Then came last night’s tricky trip to Deutschland. The signs were good when Moyes finally listened to the people ‘telling him how good a player he is.’ A specialist restored to his rightful place at the controls; soon we were treated to the sight of Shinji sharking through Teutons trudging through treacle. Flanked by wingers reborn, the repetitive model of get-it-wide, get-it-in was reborn as we attacked from a multitude of angles seemingly at once. Giggs guided proceedings; at his best in a side set up for cavalier counters. It was something of an injustice for praise of the man to be constantly accompanied by references to his age. Last night was a masterclass in intelligent movement, crisp passing and limitless stamina and would be worthy of acclaim regardless of the years of the exponent. At the focal point of attack was a Rooney on the rampage. Love him or hate him (and we all know where I stand) on this form he is as devastating as all but the very finest earning a living from the sport.
The defence was okay too; coping admirably despite the handicap of a centre back who looks depressingly ready for pasture. Paddy and Jonny rediscovered their scoring touch and even Big Chris the non-fullback fullback found himself amongst the goals. Before the game I had accepted that a defeat was in the offing. One does not simply go to the second placed side in Germany without the spine of your team and expect to return with anything to show for it.
From the lowest of expectations came the most exhilarating of victories. It was the first time under Moyes we have looked brimming with menace and a force beyond taming. Let’s hope it’s the start of something special.
Welcome to the 74th episode of the Can They Score podcast. During this week’s show we will be looking back at our unimpressive yet incredibly important 1-0 victory against top of the league Arsenal before previewing the two upcoming games against foreign opposition: Cardiff & Bayer Leverkusen . Providing a detailed and holistic review of Manchester United’s ramblings over the last couple of weeks, be sure to listen in to the podcast now!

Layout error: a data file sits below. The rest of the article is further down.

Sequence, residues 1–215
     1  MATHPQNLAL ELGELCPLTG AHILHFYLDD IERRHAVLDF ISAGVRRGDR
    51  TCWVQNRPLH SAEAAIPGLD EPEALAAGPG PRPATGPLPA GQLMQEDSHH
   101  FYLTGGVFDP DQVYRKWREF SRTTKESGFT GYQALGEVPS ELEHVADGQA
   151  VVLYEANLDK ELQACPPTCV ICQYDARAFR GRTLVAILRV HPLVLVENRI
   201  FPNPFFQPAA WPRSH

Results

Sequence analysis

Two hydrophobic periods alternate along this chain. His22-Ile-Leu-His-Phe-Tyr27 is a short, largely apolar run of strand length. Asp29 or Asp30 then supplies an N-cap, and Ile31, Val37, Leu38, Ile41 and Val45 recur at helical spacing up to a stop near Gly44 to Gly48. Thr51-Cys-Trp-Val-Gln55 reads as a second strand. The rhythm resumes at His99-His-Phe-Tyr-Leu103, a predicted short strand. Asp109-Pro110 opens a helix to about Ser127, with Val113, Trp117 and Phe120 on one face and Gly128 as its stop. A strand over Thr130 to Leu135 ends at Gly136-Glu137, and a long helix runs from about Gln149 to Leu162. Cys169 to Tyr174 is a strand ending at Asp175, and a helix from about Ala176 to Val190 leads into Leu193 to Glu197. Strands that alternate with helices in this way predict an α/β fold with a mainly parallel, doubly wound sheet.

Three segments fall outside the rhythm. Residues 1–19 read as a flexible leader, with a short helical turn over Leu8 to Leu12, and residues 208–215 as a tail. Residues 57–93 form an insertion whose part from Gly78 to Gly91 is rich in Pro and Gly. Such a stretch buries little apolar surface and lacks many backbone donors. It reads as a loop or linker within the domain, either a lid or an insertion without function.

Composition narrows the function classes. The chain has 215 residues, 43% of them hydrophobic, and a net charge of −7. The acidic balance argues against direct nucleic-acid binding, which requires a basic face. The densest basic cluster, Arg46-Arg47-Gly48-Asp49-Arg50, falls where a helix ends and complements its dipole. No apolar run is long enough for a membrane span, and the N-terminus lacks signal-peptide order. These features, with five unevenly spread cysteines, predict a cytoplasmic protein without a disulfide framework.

After a turbulent start to his Old Trafford tenure, David Moyes would have been mightily relieved to overcome Liverpool in the Capital One Cup this week and will be looking to build on that victory with a much needed three points against West Bromwich Albion. Having picked up only 7 points from the first 5 games, this match brings around a winnable run of 6 Premier League fixtures that could easily propel United towards the top of the table. A table which is looking remarkably unpredictable, similar to a PokerStars table, as the movers and shakers play for position at the top.
During the 68th edition of the Can They Score podcast, we reluctantly analyse the 4-1 defeat to Manchester City in the local derby, before moving on to previewing yet another derby against Liverpool and the upcoming Premier League fixture against West Brom. Listen to this week’s Can They Score podcast to get our full analysis! Read more…
During the 67th edition of the Can They Score podcast, we mull over a rather successful week for the Red Devils on the pitch and a rather awkward moment for Rooney behind the mic, before moving on to an interesting and insightful analysis ahead of the Manchester derby. Listen to this week’s Can They Score podcast to get our full analysis! Read more…
“I don’t know what Jose’s thoughts were, but I know what ours were- you could tell by the team we picked.”
-David Moyes, post game Chelsea v Manchester United, August 26, 2013
The newly christened “Chosen One” has now managed, and survived, the first ‘real’ test of his managerial career at Old Trafford. After the match David Moyes took a jab at Jose Mourinho- the undisputed champion of verbal pugilism- when he intimated that perhaps the Portuguese manager did not show as much interest in scoring goals as he did in keeping them out. Read more…
Building a football team from scratch is hard. It requires close analysis of the players who are available; how did they perform last season? Can they repeat the success? Will they adapt well to new surroundings? Are they within the agreed transfer budget?
This of course is Fantasy Football. The reality for football managers is they already have players. For most new managers it poses a problem; a dressing room packed with players who need to be moved on or reinvigorated. For David Moyes it doesn’t. He has inherited a group of players who comfortably secured the league title last season. Select additions are desired – freshening up even the most impressive squad is important to sustain appetite for success – but wholesale change is quite frankly not needed. Read more…
At the dawn of a new era, as David Moyes begins his tenure at Old Trafford, this week’s episode discusses the first few weeks of the new Scotman’s tenure. High on the agenda is Wayne Rooney, following his recent shenanigans so listen in to this week’s Can They Score podcast to get our full analysis! Read more…